Persecution of Buddhism in China

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Status: Finished  |  Genre: Non-Fiction  |  House: Booksie Classic
I. Introduction

For the past decades, many persecutions from various groups of religions are being recorded in the book of history. Coming from different parts of the continents, diverse cultures, traditions, and beliefs are being nurtured. In Chinese Buddhism, persecutions happened from different period in Chinese timeline. Through this, the relationship of Buddhism to other religions is being examined and differentiates by their systems of beliefs. Is there any way to avoid this happenings again or we will just forget the misfortune of the past? Why persecution s happened in human life, is there anything behind of it? Why is it even though many persecutions were happened in Chinese history, Buddhism still flourished and spreading throughout the world? These questions will lead us to a deeper understanding of the present situation of Buddhism in any parts of the sphere.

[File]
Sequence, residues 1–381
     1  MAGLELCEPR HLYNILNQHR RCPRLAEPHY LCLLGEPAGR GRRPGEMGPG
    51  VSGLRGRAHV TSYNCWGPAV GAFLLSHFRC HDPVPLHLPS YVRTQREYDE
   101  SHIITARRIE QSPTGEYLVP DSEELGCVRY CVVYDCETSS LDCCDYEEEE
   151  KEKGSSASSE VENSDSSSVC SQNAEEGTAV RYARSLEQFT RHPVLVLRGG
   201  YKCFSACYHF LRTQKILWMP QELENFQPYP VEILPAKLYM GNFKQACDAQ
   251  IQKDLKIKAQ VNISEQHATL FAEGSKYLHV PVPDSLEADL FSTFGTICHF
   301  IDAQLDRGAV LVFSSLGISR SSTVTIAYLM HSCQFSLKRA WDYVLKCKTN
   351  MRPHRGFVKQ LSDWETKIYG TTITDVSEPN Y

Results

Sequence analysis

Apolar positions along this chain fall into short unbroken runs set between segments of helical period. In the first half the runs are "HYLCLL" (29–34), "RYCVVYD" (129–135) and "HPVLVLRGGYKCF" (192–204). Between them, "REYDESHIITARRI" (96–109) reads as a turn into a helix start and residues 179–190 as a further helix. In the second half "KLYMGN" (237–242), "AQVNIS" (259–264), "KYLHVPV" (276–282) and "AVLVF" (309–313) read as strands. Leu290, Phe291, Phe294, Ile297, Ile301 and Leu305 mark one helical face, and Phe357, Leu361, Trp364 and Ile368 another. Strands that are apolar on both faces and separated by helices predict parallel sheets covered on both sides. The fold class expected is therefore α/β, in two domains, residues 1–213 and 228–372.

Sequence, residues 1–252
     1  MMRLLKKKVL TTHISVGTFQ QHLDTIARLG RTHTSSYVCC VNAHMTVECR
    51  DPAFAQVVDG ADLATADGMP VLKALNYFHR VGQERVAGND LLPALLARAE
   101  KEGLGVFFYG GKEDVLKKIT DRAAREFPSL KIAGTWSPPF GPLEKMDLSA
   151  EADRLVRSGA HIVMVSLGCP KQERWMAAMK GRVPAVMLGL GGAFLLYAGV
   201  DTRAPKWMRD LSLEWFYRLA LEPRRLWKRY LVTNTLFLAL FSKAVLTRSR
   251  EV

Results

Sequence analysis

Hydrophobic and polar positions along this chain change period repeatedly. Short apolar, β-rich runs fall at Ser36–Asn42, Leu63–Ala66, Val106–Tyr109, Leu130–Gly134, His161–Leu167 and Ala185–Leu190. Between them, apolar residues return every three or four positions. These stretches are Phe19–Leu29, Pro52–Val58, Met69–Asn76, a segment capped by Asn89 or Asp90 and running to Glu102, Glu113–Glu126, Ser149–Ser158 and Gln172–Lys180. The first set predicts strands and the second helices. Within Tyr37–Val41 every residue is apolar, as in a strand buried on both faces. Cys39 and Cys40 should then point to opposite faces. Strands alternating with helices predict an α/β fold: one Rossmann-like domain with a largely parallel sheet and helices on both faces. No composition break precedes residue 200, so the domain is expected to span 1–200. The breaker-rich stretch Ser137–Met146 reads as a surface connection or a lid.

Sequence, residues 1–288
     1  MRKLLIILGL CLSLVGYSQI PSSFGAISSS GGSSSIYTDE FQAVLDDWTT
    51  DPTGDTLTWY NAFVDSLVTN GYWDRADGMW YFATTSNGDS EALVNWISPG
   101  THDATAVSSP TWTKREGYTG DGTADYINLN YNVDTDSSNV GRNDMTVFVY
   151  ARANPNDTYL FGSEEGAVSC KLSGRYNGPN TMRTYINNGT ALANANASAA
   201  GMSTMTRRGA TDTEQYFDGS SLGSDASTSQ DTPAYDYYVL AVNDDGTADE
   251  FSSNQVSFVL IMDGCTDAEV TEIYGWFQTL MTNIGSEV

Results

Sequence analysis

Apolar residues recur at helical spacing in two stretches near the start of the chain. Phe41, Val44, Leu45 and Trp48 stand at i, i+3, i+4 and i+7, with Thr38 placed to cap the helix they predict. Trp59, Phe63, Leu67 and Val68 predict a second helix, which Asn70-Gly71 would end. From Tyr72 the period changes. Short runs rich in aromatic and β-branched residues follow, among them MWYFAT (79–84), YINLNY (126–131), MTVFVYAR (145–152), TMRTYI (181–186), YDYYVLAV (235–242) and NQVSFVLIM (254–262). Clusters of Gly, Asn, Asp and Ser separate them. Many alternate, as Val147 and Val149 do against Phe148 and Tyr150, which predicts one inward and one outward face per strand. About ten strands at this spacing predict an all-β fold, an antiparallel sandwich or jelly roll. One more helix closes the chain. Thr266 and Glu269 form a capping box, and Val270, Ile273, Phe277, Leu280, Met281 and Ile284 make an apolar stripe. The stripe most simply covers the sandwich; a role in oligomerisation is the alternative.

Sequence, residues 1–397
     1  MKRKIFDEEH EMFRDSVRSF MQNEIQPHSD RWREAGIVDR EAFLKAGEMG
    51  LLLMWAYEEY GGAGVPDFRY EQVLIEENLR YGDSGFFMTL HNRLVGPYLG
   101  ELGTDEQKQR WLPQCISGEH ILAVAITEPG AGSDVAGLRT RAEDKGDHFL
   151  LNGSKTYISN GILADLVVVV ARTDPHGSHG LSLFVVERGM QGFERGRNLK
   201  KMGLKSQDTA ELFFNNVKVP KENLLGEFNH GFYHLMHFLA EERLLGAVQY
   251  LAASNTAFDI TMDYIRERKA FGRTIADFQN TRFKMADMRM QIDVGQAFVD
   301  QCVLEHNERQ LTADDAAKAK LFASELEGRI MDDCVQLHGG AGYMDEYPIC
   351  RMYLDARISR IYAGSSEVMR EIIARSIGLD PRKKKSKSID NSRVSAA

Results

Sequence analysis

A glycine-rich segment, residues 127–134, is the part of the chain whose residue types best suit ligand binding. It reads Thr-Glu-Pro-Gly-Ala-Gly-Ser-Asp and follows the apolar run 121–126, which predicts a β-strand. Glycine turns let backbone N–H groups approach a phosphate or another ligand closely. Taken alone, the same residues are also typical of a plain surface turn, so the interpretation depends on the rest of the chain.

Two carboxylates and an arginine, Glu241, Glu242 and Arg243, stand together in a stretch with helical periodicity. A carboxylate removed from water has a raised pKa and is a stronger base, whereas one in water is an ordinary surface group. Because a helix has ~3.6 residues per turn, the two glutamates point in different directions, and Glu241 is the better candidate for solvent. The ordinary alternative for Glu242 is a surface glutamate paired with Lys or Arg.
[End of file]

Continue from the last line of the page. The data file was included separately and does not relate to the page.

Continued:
This paper provides an overview of the history behind the persecutions of four emperors in China during different period of times. It will discuss the effects of persecution in diverse aspects of life especially to monks, nuns, and the people during the reign. Additionally, it will provide further information about the happenings during the persecutions. This paper will only include the information about the persecution of the four emperors: Emperor Tai-Wu, Emperor Wu, Emperor Wu-Zong, and Emperor Shi-Zong in China.

II. Body

The Buddhist persecutions also refer to the “Three Wu and One Tsung”, because three of them took place during the reigns of emperor whose posthumous name contained the word “wu” and the fourth occurred during the reign of an emperor whose posthumous name is Shih-tsung, hence the “One Tsung”.
To begin with, the three Wu, carried out under Emperor Tai-wu of the Northern Wei, Emperor Wu of Northern Chou, and Emperor Wu-Tsung of the Tang Dynasty. The Buddhist community in China is exposed, however, more persecutions and harassments then those represented by “Three Wu and One Tsung” alone. These establish merely the most remarkable persecutions, those carried out with greatest thoroughness and under overall government supervision.

Emperor Tai-Wu (?????) of Northern Wei